Women are extremely powerful, especially when scarred. We have an inner strength, a resilience that is indescribable and unmatched by any other. Women push an average of four hours when in labor. Sweat dripping down foreheads. Pepas™ ripping and burning. Men would holler for a c-section after only four minutes. Then there is our annual check up, where we must scoot down and spread our legs so a cold, metal/plastic contraption is inserted and, seconds later, opened. No matter how many years I’ve been to my gynecologist, I still feel uncomfortable and saddened when lying on that table, facing the ceiling, thinking about unicorns and hunky men (there are photos of hunky men on the ceiling).
I’m saddened, and my GYN’s name is Allegra.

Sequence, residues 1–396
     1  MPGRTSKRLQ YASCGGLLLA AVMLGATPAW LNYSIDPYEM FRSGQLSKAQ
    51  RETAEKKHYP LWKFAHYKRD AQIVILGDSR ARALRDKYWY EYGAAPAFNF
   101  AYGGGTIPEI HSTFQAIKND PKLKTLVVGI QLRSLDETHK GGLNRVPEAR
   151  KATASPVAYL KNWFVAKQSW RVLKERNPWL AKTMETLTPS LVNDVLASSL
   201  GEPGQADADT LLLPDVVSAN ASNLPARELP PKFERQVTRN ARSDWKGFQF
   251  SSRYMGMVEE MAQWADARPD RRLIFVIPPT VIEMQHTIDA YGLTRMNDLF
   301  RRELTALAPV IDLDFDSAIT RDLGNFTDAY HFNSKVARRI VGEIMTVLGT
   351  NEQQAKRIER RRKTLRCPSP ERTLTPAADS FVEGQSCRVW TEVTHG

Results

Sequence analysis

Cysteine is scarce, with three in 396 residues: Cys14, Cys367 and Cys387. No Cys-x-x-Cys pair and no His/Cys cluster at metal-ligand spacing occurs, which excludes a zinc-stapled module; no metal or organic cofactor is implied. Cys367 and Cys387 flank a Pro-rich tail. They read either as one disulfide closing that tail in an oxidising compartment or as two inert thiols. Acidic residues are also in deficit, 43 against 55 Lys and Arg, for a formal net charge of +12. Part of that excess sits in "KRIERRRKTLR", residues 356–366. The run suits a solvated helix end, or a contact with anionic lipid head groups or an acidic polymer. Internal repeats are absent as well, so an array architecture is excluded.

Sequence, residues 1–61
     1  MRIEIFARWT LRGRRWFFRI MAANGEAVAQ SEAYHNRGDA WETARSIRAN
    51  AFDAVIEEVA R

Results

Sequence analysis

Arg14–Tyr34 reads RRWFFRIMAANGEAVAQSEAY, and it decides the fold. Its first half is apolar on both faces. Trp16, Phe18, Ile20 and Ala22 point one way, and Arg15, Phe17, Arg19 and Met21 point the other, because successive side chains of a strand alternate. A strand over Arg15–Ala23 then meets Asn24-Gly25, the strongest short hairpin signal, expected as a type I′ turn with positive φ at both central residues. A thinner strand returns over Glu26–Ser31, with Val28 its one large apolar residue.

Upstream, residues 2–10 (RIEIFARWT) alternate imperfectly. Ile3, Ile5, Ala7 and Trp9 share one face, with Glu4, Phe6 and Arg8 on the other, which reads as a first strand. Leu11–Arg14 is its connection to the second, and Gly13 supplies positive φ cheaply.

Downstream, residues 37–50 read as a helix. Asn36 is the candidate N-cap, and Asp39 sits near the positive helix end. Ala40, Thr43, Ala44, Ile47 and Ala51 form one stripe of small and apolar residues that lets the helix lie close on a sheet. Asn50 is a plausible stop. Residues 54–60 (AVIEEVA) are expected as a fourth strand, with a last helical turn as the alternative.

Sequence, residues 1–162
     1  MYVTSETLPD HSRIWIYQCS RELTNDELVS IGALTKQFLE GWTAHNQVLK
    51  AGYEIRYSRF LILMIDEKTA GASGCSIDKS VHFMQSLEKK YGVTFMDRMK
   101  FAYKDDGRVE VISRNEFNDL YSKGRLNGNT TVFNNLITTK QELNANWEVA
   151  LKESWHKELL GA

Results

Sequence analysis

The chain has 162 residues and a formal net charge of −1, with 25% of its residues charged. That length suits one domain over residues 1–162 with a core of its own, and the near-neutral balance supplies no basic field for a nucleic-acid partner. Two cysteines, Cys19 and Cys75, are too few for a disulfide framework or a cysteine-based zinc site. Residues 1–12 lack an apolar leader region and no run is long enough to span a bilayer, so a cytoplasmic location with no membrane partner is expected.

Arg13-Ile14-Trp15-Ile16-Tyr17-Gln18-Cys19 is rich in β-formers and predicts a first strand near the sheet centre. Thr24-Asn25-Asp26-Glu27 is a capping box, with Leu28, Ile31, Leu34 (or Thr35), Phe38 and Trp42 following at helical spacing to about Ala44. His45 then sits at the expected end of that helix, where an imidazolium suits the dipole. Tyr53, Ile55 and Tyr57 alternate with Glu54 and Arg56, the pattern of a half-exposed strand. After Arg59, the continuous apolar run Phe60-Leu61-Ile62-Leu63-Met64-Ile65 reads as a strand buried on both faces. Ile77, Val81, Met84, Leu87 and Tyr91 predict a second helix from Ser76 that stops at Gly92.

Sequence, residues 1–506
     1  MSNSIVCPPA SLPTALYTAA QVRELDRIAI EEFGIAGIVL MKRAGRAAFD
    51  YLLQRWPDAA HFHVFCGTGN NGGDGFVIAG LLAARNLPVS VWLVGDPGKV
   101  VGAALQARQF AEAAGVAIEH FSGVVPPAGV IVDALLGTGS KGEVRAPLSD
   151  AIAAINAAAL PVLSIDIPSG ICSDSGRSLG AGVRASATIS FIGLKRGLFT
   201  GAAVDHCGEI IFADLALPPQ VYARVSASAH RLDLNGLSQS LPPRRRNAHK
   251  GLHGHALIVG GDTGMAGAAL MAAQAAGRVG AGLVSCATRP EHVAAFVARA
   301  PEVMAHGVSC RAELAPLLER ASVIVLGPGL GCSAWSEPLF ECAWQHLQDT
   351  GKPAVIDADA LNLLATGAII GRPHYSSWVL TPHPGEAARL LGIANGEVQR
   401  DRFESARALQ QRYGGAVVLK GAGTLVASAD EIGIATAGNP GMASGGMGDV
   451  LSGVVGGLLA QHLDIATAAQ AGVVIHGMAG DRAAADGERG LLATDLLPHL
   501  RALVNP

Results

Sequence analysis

Yes. Our Pepa™ Power allows us to accept pain and suffering and still bounce back like instinctive warriors. All over the world, women stand up for their rights, attempting to regain their power when it is threatened by society, by gender roles, by men who harm us. Case in point is Monju Begum, a 40-year-old married woman and mother of three who was almost raped by her neighbor, Mozammel Haq Maz. He forced his way into Monju’s home and began assaulting her while she slept. Sources claim that, as he tried to rape her, the Bangladeshi woman took a knife and cut off his penis ala Lorena Bobbitt. She then wrapped up his penis in polythene and later brought it to the police station in the town of Jhalakathi in Bangladesh. The severed penis, Monju stated, was evidence of the committed crime. As for the accuser, he claims he is innocent, stating they had been having an affair for 15 years. His pene remains unattached.
Comes to show not to play with a woman, and her pepa™, no matter what color, ethnicity, or nation. Because women are extremely powerful, especially when scarred.